N.Y. Officials: Sept. 11 Terror Trial in NYC 'Unlikely,' Obama Considering New Location
Concerns Mounting That Congress May Not Fund the Trial
Jan. 29, 2010— -- Just months after endorsing the Obama administration's plan to try five high-profile terror suspects in a New York City federal court, top New York officials now say the trial should be held elsewhere -- and that it probably will.
Confronting political reality, the Obama administration is now looking for alternate locations to try alleged 9/11 mastermind Khalid Sheikh Mohammed and four other high-value detainees being held at the Guantanamo Bay detention camp in Cuba.
New York Gov. David Paterson and New York City Mayor Michael Bloomberg said Friday that the anticipated cost of hosting the trials -- and potential unwillingness of Congress to provide federal funds -- could spell economic disaster for the city, which already is facing a massive budget gap.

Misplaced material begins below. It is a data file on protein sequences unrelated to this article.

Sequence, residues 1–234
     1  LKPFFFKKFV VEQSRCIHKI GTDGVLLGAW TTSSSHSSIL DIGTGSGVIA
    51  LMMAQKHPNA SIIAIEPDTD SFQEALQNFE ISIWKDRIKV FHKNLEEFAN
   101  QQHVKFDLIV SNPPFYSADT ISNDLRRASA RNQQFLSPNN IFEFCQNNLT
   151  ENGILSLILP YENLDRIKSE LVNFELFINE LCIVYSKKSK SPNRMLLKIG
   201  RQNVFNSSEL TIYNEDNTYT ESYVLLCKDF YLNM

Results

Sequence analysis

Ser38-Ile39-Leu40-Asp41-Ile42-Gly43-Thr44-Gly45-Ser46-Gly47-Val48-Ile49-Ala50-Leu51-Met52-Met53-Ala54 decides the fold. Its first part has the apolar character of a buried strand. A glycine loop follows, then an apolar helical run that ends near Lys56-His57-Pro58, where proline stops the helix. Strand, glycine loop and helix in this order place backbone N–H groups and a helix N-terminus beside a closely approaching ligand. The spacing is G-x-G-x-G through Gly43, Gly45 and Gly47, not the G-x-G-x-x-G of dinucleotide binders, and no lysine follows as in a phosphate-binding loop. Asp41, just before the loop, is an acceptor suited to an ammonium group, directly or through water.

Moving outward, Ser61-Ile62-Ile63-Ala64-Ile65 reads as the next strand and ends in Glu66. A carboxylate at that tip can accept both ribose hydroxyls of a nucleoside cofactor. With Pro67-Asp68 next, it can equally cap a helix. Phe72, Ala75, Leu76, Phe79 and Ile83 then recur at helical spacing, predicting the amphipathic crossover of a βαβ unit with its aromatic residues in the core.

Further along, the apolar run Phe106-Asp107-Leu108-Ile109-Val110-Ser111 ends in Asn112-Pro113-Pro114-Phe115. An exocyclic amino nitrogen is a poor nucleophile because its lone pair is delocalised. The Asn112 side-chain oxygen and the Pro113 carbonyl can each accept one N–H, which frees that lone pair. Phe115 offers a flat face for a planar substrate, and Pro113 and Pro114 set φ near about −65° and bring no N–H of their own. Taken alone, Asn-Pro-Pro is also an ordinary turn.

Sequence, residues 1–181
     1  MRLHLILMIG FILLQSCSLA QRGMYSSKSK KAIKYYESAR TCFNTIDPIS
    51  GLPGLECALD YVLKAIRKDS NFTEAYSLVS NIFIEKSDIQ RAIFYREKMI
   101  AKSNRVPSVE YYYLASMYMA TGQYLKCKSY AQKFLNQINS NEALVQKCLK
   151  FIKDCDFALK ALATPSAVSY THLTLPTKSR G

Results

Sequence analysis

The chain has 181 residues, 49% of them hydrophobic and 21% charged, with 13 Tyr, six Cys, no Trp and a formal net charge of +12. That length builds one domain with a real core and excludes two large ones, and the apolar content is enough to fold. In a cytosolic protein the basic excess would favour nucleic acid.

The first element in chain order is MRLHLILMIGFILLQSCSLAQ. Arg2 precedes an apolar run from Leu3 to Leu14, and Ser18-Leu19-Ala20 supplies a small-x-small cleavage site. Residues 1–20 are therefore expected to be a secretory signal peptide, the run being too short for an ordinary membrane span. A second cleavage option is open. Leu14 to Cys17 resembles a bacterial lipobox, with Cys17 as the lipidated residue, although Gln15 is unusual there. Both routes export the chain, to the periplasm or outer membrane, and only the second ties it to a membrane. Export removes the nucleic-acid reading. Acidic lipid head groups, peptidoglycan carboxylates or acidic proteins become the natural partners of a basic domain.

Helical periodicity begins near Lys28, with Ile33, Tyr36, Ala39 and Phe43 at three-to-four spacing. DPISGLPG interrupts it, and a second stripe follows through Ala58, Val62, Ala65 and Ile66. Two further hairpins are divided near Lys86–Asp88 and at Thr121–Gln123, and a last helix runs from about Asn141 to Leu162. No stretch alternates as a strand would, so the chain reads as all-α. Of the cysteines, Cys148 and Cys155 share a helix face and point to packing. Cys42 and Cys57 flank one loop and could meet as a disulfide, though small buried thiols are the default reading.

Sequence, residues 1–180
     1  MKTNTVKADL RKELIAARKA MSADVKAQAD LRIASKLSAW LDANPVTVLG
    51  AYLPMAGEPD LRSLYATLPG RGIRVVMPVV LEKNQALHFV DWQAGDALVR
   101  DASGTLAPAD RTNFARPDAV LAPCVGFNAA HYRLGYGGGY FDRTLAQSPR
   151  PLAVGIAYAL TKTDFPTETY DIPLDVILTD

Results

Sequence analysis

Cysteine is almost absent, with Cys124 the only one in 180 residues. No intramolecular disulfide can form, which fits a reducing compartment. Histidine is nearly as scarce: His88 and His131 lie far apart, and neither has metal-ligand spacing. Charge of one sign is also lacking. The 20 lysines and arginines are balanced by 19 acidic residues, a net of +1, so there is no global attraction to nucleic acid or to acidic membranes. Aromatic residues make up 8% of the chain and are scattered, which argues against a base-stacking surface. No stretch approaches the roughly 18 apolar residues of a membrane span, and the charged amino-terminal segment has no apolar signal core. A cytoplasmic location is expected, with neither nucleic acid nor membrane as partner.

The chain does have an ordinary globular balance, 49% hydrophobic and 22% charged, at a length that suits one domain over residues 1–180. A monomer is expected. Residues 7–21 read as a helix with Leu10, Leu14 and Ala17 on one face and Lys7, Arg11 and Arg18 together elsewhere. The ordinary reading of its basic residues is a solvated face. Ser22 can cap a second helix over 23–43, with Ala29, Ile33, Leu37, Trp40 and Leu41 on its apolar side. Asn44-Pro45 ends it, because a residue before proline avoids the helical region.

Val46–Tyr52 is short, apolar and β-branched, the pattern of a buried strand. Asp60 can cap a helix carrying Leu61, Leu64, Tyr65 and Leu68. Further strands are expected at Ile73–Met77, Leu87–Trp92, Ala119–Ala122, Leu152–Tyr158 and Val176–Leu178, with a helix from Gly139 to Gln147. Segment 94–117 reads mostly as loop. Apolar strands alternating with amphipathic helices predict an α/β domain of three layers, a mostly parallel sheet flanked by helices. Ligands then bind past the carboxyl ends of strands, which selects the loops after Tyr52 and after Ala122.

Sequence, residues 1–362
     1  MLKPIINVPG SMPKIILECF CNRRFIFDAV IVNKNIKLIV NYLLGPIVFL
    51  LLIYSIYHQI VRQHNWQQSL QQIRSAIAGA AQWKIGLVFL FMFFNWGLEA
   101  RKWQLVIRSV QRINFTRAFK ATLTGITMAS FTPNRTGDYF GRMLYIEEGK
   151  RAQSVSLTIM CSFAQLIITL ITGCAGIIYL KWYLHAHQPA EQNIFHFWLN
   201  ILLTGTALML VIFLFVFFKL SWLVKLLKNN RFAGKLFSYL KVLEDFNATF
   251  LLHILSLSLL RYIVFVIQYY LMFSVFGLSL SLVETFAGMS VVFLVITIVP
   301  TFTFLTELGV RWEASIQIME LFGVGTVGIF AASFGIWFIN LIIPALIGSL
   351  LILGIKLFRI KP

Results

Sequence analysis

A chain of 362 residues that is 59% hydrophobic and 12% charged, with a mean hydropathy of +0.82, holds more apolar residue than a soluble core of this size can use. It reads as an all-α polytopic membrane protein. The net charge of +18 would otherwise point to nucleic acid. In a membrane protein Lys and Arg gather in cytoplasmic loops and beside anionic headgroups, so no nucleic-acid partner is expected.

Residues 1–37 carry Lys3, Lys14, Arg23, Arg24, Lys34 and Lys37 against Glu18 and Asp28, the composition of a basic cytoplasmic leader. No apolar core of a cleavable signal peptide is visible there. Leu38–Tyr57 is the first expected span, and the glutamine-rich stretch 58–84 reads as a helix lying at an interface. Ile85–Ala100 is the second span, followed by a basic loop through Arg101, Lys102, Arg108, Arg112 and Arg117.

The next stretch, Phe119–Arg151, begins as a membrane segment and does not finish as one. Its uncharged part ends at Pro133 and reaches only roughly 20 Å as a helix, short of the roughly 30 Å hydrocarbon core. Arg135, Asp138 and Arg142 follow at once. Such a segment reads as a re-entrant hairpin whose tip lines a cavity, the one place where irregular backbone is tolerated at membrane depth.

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"I said it would be phenomenally expensive and it is very disruptive to people who live in the area and businesses in the area," Bloomberg said of his conversations with Obama administration officials. "So the economic impact is detrimental, and nobody knows how big. And it would be better to do it elsewhere if they could find a venue."
Gov. David Paterson echoed Bloomberg's concerns, telling reporters at a press conference on Haiti relief that "we are elated our concerns are being listened to by the president and federal government."
New York City Police Commissioner Raymond Kelley later said that it's "unlikely" the case will go forward in the city at all.
Paterson said he instructed state agencies to assist in the search for alternate venues and will be meeting with the U.S. Marshals Service on Monday.